It was August 1987 when I met Jim. He pulled up in a vintage red and white Suburban, fully customized for some serious surf fishing. Jim had just started a job at the machine shop I was working at, and me, being a rabid greenhorn surf fisherman at the time, quickly became friends with him. To make a long story short, the truck was his dads who had passed a few years earlier. Jim told me that his father, James Wilbert Sr., lived for surf fishing – it was his passion. He showed me plugs that his father made and told me stories of the many trips he shared with his dad. Sadly, Jim did not fish much anymore, explaining that he simply lost interest over time.
One day at work I was telling Jim that I had broken my surf rod and had to replace it before the fall run. He told me not to buy one, that he would give me one of his dads that was collecting dust in his garage. I could not believe it, and told him I felt honored. He said it only needed a guide, and that his dad would want it to be used. The gesture left me speechless. It turned out to be an 11-1/2-foot honey colored Lamiglas Supercutter blank. It was in good shape and I was thrilled to have it.
Now this is where it gets interesting. Sure I had been fishing since I was a kid, but the serious surf game was new to me. I had been cutting my teeth at Shinnecock East, and spent some hours at the Sore Thumb in Fire Island Inlet, but with minimal results. Now, with this new found rod, I was excited about fishing with it – feeling that its rich history would help change my luck.
It was the middle of October and I was heading home from work one night, with no intention of fishing. The wind was howling at least 35 mph from the northwest. About halfway home, something in the back of my mind told me “go to Shinnecock East.” I can’t explain it, since I had never fished in those conditions, but something told me I had to go! I arrived home, loaded my tackle and headed east.
Within an hour I was making my way down Halsey Neck Lane. The wind now seemed even stronger, and it was dark and cold. I still did not know why I was doing this, but the urge was especially strong. Upon arriving at the inlet, I aired down the Wrangler and headed to a spot I had fished a couple of weeks prior for just a couple of small blues. It was a cove on the backside with a pile of rocks jutting out into the inlet. When I arrived, there was a truck parked right where I planned to fish. It was dark but I could make out an elderly gentleman just standing there leaning on his vehicle, with his arms folded. He was looking at me and just nodded. I waved to him and got ready to fish, all the while listening to the unmistakable sound of fish busting the surface, despite the howling wind! I could not see the water from this spot because it was lower than the jetty. As I climbed the rocks to get a view of the inlet, the sight of breaking bass, from one end of the inlet to the other and across to the commercial docks, got my heart pounding. There were fish everywhere – there had to be thousands of bass in that inlet! I turned to look over at the gentleman, and he was gone, truck and all. I had no idea how, or why he left so quickly, but the sight of all that commotion promptly drew me back to the task at hand. I put a Bomber Long-A on and made a cast. A fish slammed the plug and ran with the incoming current, the mono singing as it drew taut in the wind. It’s a sound I can still hear to this day when I close my eyes and reflect back.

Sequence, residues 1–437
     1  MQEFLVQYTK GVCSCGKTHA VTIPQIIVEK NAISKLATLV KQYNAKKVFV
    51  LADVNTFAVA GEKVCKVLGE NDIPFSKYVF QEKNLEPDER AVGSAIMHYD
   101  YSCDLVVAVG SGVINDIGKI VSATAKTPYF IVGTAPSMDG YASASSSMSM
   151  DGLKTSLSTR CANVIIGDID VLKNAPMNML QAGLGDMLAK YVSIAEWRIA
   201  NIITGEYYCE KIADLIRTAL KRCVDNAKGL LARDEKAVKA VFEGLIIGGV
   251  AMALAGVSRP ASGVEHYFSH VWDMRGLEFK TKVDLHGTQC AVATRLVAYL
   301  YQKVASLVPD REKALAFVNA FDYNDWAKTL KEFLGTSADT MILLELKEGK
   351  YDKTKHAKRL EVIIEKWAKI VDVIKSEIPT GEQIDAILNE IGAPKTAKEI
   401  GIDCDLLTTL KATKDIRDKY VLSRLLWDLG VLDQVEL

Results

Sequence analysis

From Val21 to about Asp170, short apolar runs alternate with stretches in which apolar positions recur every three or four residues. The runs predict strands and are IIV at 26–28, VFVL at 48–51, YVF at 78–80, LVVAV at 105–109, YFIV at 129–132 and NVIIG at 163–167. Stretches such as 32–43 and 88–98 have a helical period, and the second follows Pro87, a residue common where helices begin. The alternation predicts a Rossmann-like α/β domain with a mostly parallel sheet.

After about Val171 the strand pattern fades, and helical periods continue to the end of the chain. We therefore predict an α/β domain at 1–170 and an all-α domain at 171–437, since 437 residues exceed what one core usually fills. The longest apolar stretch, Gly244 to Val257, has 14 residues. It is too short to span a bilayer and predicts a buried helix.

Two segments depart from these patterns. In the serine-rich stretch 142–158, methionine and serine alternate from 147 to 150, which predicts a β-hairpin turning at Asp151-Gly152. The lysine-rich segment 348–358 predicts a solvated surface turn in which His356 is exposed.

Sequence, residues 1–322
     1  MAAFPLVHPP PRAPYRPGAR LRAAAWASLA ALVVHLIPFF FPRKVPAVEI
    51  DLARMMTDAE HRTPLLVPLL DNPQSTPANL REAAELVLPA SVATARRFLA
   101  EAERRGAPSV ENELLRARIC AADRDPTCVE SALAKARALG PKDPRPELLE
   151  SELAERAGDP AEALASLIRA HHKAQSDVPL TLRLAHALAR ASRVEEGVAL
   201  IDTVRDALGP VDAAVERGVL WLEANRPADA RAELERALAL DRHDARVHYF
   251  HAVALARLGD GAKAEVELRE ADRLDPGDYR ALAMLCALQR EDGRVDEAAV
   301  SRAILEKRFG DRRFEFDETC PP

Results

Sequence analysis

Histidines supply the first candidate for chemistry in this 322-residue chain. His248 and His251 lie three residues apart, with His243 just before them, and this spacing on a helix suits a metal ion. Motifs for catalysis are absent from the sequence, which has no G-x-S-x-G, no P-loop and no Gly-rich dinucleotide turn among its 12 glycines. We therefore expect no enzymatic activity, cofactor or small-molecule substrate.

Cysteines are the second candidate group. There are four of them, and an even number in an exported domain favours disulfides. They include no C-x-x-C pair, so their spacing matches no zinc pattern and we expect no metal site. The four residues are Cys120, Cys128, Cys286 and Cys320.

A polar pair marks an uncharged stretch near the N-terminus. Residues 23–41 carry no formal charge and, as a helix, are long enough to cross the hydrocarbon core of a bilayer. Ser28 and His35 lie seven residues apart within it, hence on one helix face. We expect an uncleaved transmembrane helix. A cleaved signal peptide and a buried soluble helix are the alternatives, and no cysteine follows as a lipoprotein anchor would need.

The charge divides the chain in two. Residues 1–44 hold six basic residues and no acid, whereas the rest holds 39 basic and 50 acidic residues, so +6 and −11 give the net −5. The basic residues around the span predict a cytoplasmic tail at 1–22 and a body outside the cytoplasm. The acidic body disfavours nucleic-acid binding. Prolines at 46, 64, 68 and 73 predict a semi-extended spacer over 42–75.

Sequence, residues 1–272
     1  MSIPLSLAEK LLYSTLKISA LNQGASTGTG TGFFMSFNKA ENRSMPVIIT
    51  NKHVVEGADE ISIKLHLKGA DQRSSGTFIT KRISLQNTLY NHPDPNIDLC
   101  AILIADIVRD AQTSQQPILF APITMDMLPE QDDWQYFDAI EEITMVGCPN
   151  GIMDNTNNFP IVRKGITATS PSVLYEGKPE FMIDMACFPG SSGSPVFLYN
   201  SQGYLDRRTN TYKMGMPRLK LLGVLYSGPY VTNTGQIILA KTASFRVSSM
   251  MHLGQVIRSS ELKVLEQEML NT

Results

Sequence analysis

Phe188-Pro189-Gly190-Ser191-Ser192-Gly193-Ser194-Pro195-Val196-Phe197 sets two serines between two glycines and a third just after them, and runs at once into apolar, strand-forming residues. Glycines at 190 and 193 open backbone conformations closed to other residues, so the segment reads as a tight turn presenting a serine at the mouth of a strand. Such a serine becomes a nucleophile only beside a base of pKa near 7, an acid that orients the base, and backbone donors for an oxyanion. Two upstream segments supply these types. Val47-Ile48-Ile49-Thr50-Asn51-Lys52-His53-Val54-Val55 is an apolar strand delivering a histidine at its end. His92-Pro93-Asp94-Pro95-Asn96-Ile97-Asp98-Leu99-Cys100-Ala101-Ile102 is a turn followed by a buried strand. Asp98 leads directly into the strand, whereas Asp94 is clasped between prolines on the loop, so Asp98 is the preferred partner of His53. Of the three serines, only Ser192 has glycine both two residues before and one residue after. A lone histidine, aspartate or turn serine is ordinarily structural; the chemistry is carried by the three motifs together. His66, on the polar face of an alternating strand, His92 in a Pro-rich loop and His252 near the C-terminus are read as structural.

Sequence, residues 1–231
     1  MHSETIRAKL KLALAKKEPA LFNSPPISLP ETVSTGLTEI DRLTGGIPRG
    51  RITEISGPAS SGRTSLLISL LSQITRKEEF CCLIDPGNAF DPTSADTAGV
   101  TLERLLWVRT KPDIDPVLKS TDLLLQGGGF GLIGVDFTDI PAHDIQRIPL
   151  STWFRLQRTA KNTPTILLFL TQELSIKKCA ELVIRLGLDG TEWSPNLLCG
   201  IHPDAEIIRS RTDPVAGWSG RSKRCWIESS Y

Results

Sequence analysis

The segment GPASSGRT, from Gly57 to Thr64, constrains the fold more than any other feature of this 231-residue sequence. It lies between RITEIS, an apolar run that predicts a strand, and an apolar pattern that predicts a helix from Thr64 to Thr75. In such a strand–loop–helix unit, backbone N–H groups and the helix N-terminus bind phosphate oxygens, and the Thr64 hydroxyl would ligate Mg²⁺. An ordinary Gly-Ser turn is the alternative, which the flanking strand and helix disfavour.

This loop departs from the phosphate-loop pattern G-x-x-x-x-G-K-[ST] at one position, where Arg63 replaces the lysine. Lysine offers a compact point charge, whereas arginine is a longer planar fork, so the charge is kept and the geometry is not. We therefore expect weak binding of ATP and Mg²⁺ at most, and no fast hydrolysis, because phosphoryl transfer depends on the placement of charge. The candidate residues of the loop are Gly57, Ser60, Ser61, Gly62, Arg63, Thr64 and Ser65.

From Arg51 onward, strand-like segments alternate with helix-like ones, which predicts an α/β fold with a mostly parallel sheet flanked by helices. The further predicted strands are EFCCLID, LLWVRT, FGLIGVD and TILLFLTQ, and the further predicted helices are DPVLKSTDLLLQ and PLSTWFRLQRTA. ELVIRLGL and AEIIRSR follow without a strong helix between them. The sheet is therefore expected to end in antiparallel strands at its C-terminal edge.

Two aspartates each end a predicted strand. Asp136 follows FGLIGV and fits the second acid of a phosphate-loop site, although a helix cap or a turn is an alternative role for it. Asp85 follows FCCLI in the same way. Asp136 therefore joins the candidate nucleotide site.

For the next four hours there was non-stop action with bass in the 20 to 25-pound class. It was incredible and there was no one else there! Not a soul in sight, or a boat to be seen. Worn out, I returned to my jeep, looked up at the stars and said out loud, “Thanks Mr. Wilbert,” and at that instant a shooting star shot across the sky. I stood motionless for a while, and thought “No one will believe this.” From that moment on, the rod was known as the “Wilbert Rod.”
After that night, I began to put the pieces together – wind, tide, current, and moon phases, and my success increased dramatically. The pattern repeated at that rockpile several times with a hard northwest wind and incoming tide. I never saw the guy who nodded at me again, and unfortunately that cove is no longer there, having been eliminated when the jetty was rebuilt.
I still don’t know how to explain that night 32 years ago. Somehow I feel I was being coached, but whatever powers may have been in play, it remains a night I will never forget.